Dave spoke this morning from Hebrews 10:22-25, asking the question all of us face at some time: ‘Why isn’t God doing what He has promised?‘ Over the years God has promised much to us as individuals, as a church and as part of the Dearne Valley, promises that the work here will prosper and flourish beyond our expectations, that we will plant other churches, that we will outgrow our current building. But as yet we have not seen the fulfilment of these promises and we can wonder if we are to blame and when exactly God will work.
Waiting for God to fulfil His promises is not unique to us. So often in the Bible we see instances where God seems to delay. Abraham had to wait 25 years for the son of promise to be born. Jacob and Moses both waited 40 years for the fulfilment of God’s promises to them. As we are seeing in our Bible studies, David had to wait many years between his anointing to be king and actually becoming king. The prophets did not se the coming of the promised Messiah; Simeon and Anna were both very old when they saw Jesus.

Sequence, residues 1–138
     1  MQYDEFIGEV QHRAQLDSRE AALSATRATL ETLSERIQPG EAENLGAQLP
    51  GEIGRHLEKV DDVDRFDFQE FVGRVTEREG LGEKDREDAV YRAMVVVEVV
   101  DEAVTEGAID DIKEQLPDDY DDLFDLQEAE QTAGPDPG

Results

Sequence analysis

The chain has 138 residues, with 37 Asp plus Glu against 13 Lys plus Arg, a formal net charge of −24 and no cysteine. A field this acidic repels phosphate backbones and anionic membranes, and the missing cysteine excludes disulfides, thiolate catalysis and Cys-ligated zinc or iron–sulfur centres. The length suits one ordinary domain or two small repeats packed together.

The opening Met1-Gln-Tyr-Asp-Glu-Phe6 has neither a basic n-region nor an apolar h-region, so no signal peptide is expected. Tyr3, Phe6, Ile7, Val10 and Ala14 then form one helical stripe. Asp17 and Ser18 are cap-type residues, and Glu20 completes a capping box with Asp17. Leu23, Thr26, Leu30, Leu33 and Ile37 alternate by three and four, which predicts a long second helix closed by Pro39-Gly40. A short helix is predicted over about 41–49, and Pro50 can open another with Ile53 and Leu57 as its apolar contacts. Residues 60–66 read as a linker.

How do we respond to the period of waiting between God’s promises and their fulfilment? Abraham got impatient and tried to help God out by sleeping with his wife’s slave. Jacob’s devious nature had many plans to make life work for him; Moses spent 40 years in the wilderness. We can tried to do things our way; we can often lack faith in God’s promises, but the truth is that He is always faithful.
David waited for God to deal with Saul, refusing to harm him. We too must pray and thank God, reminding Him of His promises. We see Moses, Abraham and David all pouring our their hearts before God. The starting place is confession of sin (our own and the sins of the people around us), coming to God in repentance, reverence and awe. Prayer involves listening to God as well. Sin will always stop God’s people seeing His promises fulfilled (as Joshua discovered at Ai), but as we plead with God to no longer delay (see Daniel 9:17-19), we can be sure that God’s faithfulness will ultimately prevail.